A few days ago, I was listening to my usual morning radio show on my beloved local classic rock station (92.9 The Eagle) and the deejays were reading the news. I can’t remember what they were talking about – something sports related – but I remember one of them quipping that playing in the NBA was less work than getting an MBA.
As both a teacher and athlete, his off-hand statement really struck a chord with me. I think that our society’s worship of sports and competition is a little overblown, to be sure. (I’m one of those weirdos who would be all for eliminating sports being related to school at all, if it wouldn’t disproportionately affect students who already have limited opportunities.) But I also don’t agree with putting down professional athletes as having an easy job. I know how tired my body feels all the time, and my derby team only practices for two hours, three or four times a week. I only have to go to the gym once a week for 30 minutes, maybe an hour. But like a paid athlete, I still have to hustle for my team. We attend charity events and fundraisers to promote our league. We flyer. We run a junior derby league that also practices three times a week. We travel. Playing roller derby is really like having a second job that you pay to do rather than it paying you.
In contrast, getting an advanced degree is a similar amount of work. It just manifests in different ways. When I was working on my master’s degree, I was completing my ‘training’, that is, my reading, and that took me about three to eight hours a week, depending on the class and task. Then there was the constant flood of discussion board questions, theory papers, and case studies. All in all, I spent about as much time per week on my degree as I did on derby.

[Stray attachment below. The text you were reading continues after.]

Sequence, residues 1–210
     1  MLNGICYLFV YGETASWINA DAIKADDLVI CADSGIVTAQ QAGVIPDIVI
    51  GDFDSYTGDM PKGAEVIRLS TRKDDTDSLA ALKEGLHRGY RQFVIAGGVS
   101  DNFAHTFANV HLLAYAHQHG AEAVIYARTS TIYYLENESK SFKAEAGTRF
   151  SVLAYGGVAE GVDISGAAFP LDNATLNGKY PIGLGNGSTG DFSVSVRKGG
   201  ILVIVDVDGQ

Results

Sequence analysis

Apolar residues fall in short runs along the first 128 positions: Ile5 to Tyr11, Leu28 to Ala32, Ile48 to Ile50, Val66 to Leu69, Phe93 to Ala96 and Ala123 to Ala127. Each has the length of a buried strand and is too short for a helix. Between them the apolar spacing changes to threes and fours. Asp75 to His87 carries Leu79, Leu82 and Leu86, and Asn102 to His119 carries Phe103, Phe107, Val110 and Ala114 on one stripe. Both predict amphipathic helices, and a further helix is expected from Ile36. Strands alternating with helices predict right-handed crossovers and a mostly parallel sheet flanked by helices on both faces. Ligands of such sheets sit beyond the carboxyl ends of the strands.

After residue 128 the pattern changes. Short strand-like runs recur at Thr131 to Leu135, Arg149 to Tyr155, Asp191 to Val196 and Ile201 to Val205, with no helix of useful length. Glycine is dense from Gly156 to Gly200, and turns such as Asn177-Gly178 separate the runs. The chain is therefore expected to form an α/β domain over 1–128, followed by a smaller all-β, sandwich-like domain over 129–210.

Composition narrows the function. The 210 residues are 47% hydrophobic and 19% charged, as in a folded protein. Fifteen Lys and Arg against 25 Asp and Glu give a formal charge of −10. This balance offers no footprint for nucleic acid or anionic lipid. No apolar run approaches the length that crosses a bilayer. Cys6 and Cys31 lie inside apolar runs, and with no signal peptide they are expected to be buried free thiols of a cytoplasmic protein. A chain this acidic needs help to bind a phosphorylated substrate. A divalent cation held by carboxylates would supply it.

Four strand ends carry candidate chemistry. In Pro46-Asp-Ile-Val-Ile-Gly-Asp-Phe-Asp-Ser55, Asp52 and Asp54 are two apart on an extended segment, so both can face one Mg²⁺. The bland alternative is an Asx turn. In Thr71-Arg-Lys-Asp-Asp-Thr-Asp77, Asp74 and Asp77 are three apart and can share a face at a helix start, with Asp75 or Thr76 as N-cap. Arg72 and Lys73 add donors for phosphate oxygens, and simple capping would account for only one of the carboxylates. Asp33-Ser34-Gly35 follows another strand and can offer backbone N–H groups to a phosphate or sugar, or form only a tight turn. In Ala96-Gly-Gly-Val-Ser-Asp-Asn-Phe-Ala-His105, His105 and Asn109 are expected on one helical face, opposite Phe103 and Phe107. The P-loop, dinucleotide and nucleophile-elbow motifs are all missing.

Here’s the big difference between the NBA and an MBA, though. In education, the only person in your way is you. In most sports, there’s another team or person that is trying to mess up your ability to get your job done and score the points. Whichever team does their job better is the winner. Education isn’t like that (for the most part – this isn’t a post to get into the ingrained problems of the American education system). When it comes to school, it’s just the student and the knowledge. No other person is actively sabotaging their ability to get work done. No one else is pushing the book out of their hand. Nobody else is tackling them, preventing them from writing an essay. School is more like golf, running, or shooting free throws. At the end of the day, it’s you vs. yourself.
So, though I love my morning deejays, I’m going to have to disagree. Playing basketball for the NBA is not easier than getting an MBA. They’re not comparable. They’re just different.